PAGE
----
It has been almost two decades since conditional cash transfer programs first appeared on the agendas of multilateral agencies and politicians. Latin America has often been used as a testing ground for these programs, which consist of transfers of money to subsections of the population upon meeting certain conditions, such as sending their children to school or having them vaccinated. Money from the Government in Latin America takes a comparative view of the effects of this regular transfer of money, which comes with obligations, on rural communities.

Drawing on a variety of data, taken from different disciplinary perspectives, these chapters help to build an understanding of the place of conditional cash transfer programsin rural families and households, in individuals’ aspirations and visions, in communities’ relationships to urban areas, and in the overall character of these rural societies.

With case studies from Chile, Mexico, Peru, Brazil and Colombia, this book will interest scholars and researchers of Latin American anthropology, sociology, development, economics and politics.

chapter |24 pages


1Rearticulations of rural lives through conditional cash transfers
ByMartin Fotta, Maria Elisa Balen

part I|54 pages

Global CCT repertoires and their local translations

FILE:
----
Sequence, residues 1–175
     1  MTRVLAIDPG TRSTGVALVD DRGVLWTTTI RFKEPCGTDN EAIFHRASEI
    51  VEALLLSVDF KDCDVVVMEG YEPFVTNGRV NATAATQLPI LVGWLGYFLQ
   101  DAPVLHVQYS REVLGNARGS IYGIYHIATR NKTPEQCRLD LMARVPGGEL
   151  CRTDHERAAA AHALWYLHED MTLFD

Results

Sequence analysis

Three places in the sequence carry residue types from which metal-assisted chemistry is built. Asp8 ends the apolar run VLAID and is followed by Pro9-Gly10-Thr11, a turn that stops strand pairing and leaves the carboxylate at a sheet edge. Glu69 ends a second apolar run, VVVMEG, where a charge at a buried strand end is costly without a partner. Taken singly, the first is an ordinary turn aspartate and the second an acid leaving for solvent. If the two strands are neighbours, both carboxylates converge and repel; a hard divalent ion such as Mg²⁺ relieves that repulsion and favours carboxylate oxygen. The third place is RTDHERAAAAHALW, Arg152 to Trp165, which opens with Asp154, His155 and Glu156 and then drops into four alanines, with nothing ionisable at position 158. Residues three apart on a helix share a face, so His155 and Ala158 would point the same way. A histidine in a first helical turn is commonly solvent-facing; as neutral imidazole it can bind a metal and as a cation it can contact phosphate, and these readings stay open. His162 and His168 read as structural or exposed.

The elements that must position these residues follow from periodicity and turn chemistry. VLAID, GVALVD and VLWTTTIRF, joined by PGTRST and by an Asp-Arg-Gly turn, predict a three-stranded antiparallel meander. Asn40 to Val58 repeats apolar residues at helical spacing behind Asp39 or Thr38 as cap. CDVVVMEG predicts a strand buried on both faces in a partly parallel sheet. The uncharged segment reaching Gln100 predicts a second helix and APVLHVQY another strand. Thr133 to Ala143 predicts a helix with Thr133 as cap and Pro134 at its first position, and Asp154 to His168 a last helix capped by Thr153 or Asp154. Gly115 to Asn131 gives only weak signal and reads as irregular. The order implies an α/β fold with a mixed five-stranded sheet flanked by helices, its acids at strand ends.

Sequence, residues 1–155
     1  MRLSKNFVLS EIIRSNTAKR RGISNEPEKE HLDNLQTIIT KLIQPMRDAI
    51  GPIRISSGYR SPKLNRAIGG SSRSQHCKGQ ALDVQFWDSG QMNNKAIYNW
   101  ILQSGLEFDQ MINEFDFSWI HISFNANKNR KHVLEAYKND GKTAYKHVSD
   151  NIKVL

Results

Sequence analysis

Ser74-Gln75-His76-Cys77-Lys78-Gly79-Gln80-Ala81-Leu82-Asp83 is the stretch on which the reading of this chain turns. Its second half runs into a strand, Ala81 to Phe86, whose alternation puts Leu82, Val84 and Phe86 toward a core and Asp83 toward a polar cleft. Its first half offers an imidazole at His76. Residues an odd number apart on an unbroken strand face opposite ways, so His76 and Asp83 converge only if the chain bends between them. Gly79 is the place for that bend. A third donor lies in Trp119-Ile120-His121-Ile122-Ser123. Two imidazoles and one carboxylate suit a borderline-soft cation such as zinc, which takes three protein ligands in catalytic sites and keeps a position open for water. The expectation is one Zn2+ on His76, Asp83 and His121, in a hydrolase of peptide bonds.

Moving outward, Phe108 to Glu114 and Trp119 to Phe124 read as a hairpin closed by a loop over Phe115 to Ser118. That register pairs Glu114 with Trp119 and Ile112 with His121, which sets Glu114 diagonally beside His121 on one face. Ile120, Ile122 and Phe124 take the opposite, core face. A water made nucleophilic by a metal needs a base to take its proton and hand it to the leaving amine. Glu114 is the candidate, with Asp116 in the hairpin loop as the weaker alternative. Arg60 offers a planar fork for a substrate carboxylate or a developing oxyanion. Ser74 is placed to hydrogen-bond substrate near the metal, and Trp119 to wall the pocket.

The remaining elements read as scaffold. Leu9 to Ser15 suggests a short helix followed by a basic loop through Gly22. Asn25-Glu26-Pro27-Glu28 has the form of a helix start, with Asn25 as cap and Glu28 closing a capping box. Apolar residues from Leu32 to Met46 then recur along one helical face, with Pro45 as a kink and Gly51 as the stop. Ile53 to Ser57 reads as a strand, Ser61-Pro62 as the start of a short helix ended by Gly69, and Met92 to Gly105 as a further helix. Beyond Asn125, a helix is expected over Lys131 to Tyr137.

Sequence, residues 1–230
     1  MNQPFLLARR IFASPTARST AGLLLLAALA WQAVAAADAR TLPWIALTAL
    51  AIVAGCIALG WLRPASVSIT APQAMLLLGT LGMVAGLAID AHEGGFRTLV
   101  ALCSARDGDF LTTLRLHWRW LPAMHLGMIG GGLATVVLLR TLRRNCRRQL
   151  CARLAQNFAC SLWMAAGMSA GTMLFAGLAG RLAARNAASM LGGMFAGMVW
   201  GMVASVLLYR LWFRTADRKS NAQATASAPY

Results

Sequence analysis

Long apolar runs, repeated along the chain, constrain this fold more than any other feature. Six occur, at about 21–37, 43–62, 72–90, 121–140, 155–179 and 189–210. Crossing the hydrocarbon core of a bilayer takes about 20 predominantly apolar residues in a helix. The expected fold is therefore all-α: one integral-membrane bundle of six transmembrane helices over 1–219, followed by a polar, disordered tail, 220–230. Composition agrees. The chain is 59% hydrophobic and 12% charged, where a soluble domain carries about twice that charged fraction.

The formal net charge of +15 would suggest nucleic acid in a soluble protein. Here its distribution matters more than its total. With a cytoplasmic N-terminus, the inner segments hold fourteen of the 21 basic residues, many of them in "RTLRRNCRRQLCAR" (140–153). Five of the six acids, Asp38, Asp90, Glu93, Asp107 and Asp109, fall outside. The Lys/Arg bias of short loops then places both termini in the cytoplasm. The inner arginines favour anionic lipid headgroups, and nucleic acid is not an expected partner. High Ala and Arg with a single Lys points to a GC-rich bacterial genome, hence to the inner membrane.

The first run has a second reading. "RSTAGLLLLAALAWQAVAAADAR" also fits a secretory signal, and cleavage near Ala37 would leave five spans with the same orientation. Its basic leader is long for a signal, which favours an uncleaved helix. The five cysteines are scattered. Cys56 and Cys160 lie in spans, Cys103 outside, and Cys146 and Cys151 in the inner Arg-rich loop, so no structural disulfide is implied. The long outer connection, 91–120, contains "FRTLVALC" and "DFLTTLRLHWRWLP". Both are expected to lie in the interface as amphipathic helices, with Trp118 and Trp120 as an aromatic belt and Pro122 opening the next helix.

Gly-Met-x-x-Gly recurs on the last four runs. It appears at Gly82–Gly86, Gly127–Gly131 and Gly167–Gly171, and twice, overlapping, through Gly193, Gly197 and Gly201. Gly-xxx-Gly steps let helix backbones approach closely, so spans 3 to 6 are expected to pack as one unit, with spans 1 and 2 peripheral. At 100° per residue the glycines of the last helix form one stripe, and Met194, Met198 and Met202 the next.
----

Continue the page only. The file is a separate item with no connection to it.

chapter 1|17 pages

Gendering and engendering capital

26Conditional cash transfers in indigenous and rural households, Yucatan, Mexico
ByAndrés Dapuez

chapter 2|19 pages

Filling the belly and feeding the mind?

Bolsa Família and the building of children’s human capital in rural Amazonia
ByBarbara A. Piperata

part II|66 pages

CCTs organizing community relations

chapter 4|16 pages

Fragmented rural communities

81The faenas of Prospera at the interface of community cooperation and state dependency
ByClément Crucifix, Solène Morvant-Roux

chapter 5|17 pages

Empowering women?

Conditional cash transfers in Mexico
ByBirgit Schmook, Nora Haenn, Claudia Radel, Santana Navarro-Olmedo

chapter 6|16 pages

Money from above

Cash transfers, moral desert and enfranchisement among Guaraní households of the Argentine Chaco
ByAgustin Diz

chapter 7|15 pages

Dangerous desires

The affects (and affections) of cash transfer programs among the Kalapalo from the Aiha village (Upper Xingu, Mato Grosso, Brazil)
ByMarina Pereira Novo

part III|48 pages

Envisioning futures through CCTs

chapter 8|15 pages

From surprise to anticipation

147Money, state and the future of social protection among displaced peasants in El Carmen de Bolívar, Colombia
ByMaria Elisa Balen

chapter 9|16 pages

Beyond cash, beyond conditional

Ingreso Ético Familiar and the senses of poverty in a group of Mapuche women
ByMarjorie Murray, Gabriela Cabaña

chapter 10|15 pages

Saying no

Bolsa Família, self-employment, and the rejection of jobs in northeastern Brazil
ByGregory Duff Morton

chapter |12 pages


From affirmative to transformative distributive politics
ByJonathan DeVore